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Mark H. Brand and Richard Kiyomoto

Tissue proliferation (TP) of Rhododendron sp. is characterized by basal tumors that often develop into numerous dwarf shoots. Growers need to know if the TP condition will recur in plants grown from normal-appearing cuttings collected from plants with TP tumors. Stem cuttings of seven cultivars were collected from stock plants with TP [TP(+)] and without TP [TP(–)] and rooted. Plants were grown in containers outdoors for 2 years and were then evaluated for tumor formation and other TP-related morphological symptoms. Shoots of TP(+) plants were either similar in length to shoots of TP(–) plants, or were shorter, as was the case for `Boule de Neige', `Catawbiense Album', and `Montego'. Plants grown from TP(+) cuttings of all cultivars had more leaves per growth flush than did plants grown from TP(–) cuttings. `Holden', `Montego', and `Scintillation' TP(+) leaves were narrower than leaves from TP(–) shoots and had greater length: width ratios. Leaves of TP(+) `Montego' and `Scintillation' plants were shorter and smaller than leaves from their TP(–) counterparts. Tumors were not observed on any propagated plants, regardless of the TP status of cutting stock plants. To further test the influence of age and TP status of source plants used for cutting propagation, `Montego' plants were grown from cuttings collected from the following sources: 1) in vitro shoot cultures; 2) 3-year-old plants with TP; 3) 6-year-old plants with TP; and 4) TP(–) plants. Cuttings from TP(+) micropropagated plants less than 3 years old were more likely to develop tumors than were cuttings from older plants. Eighty-three percent of plants from microcuttings and 74% of plants from cuttings of 3-year-old TP(+) plants formed tumors, whereas no plants grown from 6-year-old TP(+) or TP(–) cuttings did so. Large tumors that surrounded half or more of the stem were more likely to develop on plants grown from microcuttings than on plants grown from the next youngest, 3-year-old TP(+), stock plants. Growers must be aware that cuttings from TP(+) plants may produce plants that exhibit morphological and growth abnormalities, possibly even including tumor redevelopment.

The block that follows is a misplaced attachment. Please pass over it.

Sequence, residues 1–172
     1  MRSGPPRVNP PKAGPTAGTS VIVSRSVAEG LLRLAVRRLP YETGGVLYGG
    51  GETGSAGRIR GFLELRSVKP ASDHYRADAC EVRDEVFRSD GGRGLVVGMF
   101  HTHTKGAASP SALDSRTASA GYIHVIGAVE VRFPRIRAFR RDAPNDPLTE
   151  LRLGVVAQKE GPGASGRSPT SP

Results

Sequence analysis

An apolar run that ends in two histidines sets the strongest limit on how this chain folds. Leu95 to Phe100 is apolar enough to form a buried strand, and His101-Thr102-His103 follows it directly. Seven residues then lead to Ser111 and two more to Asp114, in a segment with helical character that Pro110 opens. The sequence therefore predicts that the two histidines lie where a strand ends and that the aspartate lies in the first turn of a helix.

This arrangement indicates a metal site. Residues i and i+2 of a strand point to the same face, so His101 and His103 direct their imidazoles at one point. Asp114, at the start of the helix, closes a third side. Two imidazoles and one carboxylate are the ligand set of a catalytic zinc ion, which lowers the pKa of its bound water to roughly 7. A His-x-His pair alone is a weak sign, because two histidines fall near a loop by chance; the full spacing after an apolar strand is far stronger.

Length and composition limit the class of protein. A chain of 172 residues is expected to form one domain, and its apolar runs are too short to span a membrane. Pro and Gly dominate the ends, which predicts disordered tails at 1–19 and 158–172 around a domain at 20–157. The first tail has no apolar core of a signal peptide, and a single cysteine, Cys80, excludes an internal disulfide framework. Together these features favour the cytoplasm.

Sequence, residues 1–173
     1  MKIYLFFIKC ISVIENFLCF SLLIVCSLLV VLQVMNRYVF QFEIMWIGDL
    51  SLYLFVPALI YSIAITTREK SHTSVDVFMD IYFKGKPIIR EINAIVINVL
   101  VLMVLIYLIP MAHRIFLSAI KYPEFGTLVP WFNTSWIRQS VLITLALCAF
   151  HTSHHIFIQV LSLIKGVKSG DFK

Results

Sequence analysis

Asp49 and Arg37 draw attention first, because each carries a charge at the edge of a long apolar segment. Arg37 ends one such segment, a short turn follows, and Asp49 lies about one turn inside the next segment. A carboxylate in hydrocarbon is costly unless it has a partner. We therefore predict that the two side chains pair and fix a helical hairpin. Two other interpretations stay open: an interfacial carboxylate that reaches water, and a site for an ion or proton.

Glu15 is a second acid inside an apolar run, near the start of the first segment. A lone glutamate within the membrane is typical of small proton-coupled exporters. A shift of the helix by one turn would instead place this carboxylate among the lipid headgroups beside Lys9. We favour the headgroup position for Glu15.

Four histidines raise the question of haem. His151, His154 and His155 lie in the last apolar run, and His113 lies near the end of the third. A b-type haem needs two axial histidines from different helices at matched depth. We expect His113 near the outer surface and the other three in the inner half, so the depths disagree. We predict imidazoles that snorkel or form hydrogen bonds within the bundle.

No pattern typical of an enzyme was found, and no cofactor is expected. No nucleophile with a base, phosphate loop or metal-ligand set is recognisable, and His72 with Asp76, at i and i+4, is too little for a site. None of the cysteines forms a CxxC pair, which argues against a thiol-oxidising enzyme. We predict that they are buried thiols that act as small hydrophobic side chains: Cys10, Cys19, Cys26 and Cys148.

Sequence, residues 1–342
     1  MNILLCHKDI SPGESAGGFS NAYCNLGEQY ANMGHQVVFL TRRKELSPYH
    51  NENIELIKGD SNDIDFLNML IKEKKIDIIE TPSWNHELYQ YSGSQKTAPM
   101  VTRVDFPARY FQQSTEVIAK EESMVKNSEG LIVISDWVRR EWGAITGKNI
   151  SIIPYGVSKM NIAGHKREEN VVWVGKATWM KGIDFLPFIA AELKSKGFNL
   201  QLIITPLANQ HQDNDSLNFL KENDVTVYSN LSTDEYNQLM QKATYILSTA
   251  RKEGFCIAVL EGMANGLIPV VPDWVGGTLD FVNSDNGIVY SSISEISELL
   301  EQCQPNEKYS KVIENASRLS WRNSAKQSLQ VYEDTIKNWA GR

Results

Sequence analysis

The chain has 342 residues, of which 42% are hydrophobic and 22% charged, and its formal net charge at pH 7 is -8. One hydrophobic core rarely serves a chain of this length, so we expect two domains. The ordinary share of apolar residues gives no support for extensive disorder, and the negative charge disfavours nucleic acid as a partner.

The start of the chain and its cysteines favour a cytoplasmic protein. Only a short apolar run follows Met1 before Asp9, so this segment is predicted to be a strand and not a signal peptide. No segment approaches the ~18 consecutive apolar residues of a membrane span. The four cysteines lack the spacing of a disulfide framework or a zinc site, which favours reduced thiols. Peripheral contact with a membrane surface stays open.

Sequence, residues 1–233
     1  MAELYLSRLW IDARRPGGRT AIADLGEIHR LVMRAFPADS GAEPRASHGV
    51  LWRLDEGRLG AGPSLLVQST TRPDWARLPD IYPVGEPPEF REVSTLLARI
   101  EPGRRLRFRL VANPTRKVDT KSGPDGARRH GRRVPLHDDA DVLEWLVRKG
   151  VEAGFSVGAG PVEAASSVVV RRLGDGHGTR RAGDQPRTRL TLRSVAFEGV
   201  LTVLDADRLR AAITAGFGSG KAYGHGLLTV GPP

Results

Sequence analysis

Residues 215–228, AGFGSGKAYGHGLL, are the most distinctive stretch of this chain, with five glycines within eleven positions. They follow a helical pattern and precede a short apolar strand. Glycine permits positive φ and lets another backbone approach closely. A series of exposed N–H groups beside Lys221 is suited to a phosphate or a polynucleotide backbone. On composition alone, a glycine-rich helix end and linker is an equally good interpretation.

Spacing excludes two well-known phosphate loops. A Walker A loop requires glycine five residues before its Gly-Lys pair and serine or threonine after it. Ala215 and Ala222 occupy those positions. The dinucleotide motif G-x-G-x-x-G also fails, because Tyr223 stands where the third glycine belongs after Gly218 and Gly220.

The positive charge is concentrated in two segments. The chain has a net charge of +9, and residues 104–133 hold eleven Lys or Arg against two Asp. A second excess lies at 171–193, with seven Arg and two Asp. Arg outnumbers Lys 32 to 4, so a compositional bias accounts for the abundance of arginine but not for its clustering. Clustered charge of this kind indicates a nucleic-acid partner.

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Senay Ozgen, James S. Busse, and Jiwan P. Palta

; Sha et al., 1985 ). This condition is typified by browning and death of the shoot tip, loss of apical dominance, and axillary shoot development in an in vitro shoot culture. Transpiration is limited during in vitro culture by the high humidity that

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Dongliang Qiu, Xiangying Wei, Shufang Fan, Dawei Jian, and Jianjun Chen

of disease-free propagules on a year-round basis ( Chen and Henny, 2008 ; Murashige, 1974 ). Blueberries have been micropropagated via shoot culture ( Fan et al., 2017 ; Frett and Smagula, 1983 ; Litwinczuk, 2013 ; Lyrene, 1980 , 1981 ; Ruzic et

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Ruigang Wu, Yi Wang, Ting Wu, Xuefeng Xu, and Zhenhai Han

materials and treatments. Root, stem, leaf, flower, and fruit tissues were collected from a 5-year-old ‘Golden Delicious’ own-rooted apple tree for tissue-specific expression of MdMYB4 gene under nonstress conditions. In vitro apple shoot cultures of

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Samir C. Debnath

establishment of shoot cultures. Eight-week-old shoot tip cultures of cultivar Fundy developed at the Atlantic Food and Horticulture Research Center, Agriculture and Agri-Food Canada, Kentville, Nova Scotia, Canada, and two wild clones, ‘NB1’ and ‘QB1

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Seong Min Woo and Hazel Y. Wetzstein

with either 100 or 150 μ m IBA for 2, 5, or 8 d and then transferred to the same basal medium in baby food jars. Shoot culture and pulsing was under white fluorescent lights (70 μmol·m −2 ·s −1 ) at 25 °C in a growth room. The percentage of shoots and

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Richard J. Henny, James R. Holm, Jianjun Chen, and Michelle Scheiber

( Tambong et al., 1998 ). Colchicine has been reported to induce tetraploidy in nine Zantedeschia cultivars ( Cohen and Yao, 1996 ). Rapidly multiplying in vitro shoot cultures were exposed to 0.05% (w/v) colchicine on solid Murashige and Skoog (MS) media